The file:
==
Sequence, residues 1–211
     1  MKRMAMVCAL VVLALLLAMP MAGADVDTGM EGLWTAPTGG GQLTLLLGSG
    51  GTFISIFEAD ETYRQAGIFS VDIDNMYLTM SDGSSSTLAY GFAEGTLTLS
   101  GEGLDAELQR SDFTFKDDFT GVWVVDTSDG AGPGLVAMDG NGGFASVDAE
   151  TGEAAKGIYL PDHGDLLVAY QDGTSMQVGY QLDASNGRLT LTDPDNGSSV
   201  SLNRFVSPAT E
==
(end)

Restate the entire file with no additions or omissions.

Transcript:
Sequence, residues 1–211
     1  MKRMAMVCAL VVLALLLAMP MAGADVDTGM EGLWTAPTGG GQLTLLLGSG
    51  GTFISIFEAD ETYRQAGIFS VDIDNMYLTM SDGSSSTLAY GFAEGTLTLS
   101  GEGLDAELQR SDFTFKDDFT GVWVVDTSDG AGPGLVAMDG NGGFASVDAE
   151  TGEAAKGIYL PDHGDLLVAY QDGTSMQVGY QLDASNGRLT LTDPDNGSSV
   201  SLNRFVSPAT E